There are certain words and phrases that hold most of us back in life and stop us reaching our full potential. We use them instinctively but often mean the opposite – ‘I’ll do that in a minute’ is one example. Another is ‘I’ll get around to that tomorrow’. Then there are the negatives, such as ‘I can’t’ or ‘it can’t be done’. Of course you will be there in a minute once you do all the other things you keep putting off. And how many times have you put off things until tomorrow? What a waste. And don’t get me started on negative thoughts
Sometimes we do this out of habit, or pure laziness. Or, and this would be true of me, we do so because we are afraid. We fear loneliness, yet isolate ourselves from others; want friendships yet spurn the chance to meet people and build relationships; we want to find partners, yet are afraid to trust our feelings and have faith in ourselves.
I’ve been as guilty as anyone on all those points. But there comes a moment where if you don’t reach out and trust yourself as much as others then your fears of leading a lonely life will be self-fulfilling.
Get up off your backside. Believe that you are as good as others. Trust in your personality, in your smile, in your friends and family. Most of all, trust the kindness of strangers to look beyond your face. I had this fear for so long that I was somehow unworthy of others and almost sub-human. I would always run myself down, believe the worst in myself and fear rejection. That fear of failure was a powerful reason for my disengagement. Whatever setback I suffered in life was magnified a thousand fold, ensuring my next attempt to reach out would take a lot longer.
I wished I was dead so many times. Looking back on my life now I can hardly believe I felt that way. Look what I would have missed out on – a loving wife and children, some great friends, countless holidays, brilliant memories. I would have denied myself those and much more simply because of my fears. I have a face that’s different, but my brain is intact, I have 10 toes and fingers, no obvious disabilities. Yes, my face became my problem because I allowed it to become an impediment. I allowed it to dominate my life, strangle any possible initiative to break out of my self-imposed ‘exile’ – but that was a choice I made because I didn’t have the strength of character to get on with living.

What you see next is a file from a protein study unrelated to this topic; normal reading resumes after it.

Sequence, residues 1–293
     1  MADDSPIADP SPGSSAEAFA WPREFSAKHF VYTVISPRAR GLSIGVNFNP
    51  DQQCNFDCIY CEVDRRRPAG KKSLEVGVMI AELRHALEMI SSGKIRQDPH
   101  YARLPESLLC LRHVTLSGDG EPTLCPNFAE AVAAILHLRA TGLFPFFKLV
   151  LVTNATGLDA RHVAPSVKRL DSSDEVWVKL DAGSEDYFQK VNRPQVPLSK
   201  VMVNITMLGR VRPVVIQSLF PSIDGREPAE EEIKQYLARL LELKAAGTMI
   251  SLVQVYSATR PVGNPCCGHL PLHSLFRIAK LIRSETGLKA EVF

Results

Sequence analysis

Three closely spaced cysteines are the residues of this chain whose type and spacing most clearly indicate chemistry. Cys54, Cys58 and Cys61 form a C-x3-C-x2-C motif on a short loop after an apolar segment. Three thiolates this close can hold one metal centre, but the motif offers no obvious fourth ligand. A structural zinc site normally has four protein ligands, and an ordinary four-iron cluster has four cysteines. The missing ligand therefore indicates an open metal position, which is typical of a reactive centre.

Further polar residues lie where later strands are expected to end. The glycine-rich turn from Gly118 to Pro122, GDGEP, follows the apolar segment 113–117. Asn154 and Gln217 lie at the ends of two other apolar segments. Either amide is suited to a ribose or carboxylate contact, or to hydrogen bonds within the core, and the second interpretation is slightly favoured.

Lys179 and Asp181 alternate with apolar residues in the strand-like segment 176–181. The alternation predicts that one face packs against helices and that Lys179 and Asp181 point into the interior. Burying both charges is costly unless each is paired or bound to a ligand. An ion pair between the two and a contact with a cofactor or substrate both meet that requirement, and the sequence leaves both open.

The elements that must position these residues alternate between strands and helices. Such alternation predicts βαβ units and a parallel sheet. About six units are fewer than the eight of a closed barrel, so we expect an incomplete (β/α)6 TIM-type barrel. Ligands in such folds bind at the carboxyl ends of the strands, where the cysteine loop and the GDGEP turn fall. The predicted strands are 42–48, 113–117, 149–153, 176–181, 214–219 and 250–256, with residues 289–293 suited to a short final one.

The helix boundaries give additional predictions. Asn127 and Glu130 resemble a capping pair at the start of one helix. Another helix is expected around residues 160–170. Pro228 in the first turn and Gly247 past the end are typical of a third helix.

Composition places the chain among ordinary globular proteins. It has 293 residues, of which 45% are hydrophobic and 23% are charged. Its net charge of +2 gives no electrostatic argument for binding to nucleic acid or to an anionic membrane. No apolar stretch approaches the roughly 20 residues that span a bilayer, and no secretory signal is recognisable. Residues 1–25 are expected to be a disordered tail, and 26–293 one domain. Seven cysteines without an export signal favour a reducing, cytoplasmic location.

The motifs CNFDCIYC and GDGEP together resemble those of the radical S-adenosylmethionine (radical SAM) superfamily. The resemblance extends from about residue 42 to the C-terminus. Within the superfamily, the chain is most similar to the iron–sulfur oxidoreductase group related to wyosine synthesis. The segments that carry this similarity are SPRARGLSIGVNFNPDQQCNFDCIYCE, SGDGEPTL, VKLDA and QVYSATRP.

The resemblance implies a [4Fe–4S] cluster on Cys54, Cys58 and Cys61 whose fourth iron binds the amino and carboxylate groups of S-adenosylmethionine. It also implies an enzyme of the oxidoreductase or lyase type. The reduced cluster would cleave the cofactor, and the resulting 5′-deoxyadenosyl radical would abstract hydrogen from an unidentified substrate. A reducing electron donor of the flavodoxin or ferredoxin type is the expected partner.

We all have dreams, some possible, others impossible. But if we don’t have dreams then life would be very dull. I don’t hold myself back anymore when it comes to realising those dreams. I don’t see my facial difference as limiting me in any way – not any more. I see possibilities where I once saw obstacles. Even if some of those dreams are never realised – at least not in the way that I hope – then I’ll have tried. Better to have made the effort, though, than be left wondering ‘what if?’.
What are you waiting for? Go follow your dreams and don’t be put off by self-doubt. Make a promise to be positive about today and the future.
Tom Hickey is a former chief sub editor at the Irish Examiner. He was burned as a child and blogs about his life and facial disfigurement at hickeysworld.com Subjects he tackles include everything from travel to his family, and coping with facial disfigurement.